Real-life Forrest Gump Jamie McDonald completes his Canada superhero run

Jamie McDonald has finally stopped running after completing his epic 5,000 mile trek

The man billed as the real-life Forrest Gump has finally stopped running after completing his epic 5,000 mile trek across Canada alone.

Jamie McDonald, 27, became the first person to run across Canada without a support team when he crossed the finishing line in Vancouver - nearly 12 months after setting off dressed as comic superhero The Flash.

During the journey, he nearly lost his nose to frostbite, permanently injured his foot, was beaten during a New Year attack and lost his bag containing film footage of his trip, although this was swiftly returned following an appeal on social media.

The coast-to-coast run is the equivalent of more than 200 marathons in 275 days, and involved Mr McDonald sleeping by the side of the road, or relying on the generosity of strangers as he undertook the challenge.

He also pushed his 60kg (132lb) baby stroller Caesar, containing all his possessions, for more than 4,500 miles. He began the journey by carrying a 30kg (66lb) backpack until the weight caused an injury.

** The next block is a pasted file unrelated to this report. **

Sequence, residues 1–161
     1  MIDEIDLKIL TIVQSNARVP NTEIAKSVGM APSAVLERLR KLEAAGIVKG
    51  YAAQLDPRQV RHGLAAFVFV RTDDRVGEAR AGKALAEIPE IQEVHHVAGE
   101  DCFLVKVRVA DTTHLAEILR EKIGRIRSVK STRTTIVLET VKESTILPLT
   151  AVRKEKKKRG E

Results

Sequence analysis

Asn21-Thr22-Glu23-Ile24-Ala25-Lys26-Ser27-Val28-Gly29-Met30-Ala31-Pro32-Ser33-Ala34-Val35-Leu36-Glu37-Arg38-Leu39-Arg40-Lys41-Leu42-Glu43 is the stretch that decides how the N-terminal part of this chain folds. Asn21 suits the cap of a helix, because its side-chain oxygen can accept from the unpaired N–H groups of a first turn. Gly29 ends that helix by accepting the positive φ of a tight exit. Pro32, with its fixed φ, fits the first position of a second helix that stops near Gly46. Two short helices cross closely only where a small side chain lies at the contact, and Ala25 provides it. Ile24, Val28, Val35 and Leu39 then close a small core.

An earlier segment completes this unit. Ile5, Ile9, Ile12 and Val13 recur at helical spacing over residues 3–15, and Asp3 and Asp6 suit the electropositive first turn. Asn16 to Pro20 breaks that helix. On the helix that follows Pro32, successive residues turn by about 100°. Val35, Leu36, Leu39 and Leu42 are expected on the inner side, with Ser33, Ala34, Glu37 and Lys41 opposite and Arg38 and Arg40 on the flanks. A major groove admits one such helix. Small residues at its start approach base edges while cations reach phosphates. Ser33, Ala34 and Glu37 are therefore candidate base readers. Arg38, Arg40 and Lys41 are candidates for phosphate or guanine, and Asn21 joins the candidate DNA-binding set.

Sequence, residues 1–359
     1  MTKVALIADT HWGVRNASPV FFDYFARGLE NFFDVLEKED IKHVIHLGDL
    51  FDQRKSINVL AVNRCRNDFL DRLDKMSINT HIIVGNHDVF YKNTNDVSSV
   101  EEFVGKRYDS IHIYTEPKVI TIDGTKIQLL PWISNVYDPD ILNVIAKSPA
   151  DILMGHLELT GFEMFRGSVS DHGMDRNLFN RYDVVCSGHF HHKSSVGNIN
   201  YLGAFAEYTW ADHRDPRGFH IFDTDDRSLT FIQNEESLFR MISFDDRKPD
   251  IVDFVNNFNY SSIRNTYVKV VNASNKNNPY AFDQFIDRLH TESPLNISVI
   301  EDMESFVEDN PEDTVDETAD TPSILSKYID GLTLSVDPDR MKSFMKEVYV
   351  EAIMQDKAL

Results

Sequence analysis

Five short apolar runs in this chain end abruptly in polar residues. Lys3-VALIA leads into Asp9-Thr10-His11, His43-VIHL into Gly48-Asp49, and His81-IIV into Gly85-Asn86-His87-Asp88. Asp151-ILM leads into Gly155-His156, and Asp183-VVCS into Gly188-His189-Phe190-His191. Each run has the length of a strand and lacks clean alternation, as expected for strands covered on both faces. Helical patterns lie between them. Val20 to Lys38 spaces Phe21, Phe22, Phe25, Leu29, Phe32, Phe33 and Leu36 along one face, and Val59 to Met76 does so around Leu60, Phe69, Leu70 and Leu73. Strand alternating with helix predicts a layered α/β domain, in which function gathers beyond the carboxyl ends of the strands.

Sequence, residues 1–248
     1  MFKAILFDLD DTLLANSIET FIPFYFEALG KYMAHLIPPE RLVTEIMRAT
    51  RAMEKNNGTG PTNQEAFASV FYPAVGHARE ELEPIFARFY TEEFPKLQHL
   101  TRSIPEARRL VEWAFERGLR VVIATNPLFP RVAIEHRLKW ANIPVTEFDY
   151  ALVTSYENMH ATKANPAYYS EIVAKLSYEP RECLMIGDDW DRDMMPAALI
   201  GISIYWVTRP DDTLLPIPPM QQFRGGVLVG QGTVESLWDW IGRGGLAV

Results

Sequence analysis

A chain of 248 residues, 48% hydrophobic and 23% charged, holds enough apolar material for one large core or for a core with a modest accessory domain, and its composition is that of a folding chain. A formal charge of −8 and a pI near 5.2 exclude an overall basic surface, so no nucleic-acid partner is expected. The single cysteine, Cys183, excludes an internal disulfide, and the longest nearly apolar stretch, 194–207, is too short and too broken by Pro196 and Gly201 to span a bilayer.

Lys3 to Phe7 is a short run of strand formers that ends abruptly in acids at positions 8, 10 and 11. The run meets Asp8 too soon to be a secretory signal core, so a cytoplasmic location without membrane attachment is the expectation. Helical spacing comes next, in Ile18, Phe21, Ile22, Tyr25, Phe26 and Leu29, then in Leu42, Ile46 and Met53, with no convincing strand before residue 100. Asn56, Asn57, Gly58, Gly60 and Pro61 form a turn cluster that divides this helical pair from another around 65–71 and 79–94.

Mr McDonald, from Gloucester, was joined by his father Donald and friends to celebrate ending the mammoth challenge, in which he has raised £150,000 for charity.

"I just can't believe it's over," he told journalists and members of the public gathered at the finish line.

"I have worked for so long and given this run everything I have, physically and mentally, that to finally dip my hand into the Pacific Ocean eleven months and more than 200 marathons after doing the same thing in the Atlantic Ocean is just incredible.

"I feel a real mix of emotions. I'm ecstatic that I have finished.

As a child he suffered from a debilitating immune deficiency and potentially fatal spinal condition syringomyelia and spent the first nine years of his life in and out of children's hospitals. His run was to raise funds for SickKids Foundation, Great Ormond Street Hospital Children's Charity and the Pied Piper Appeal.

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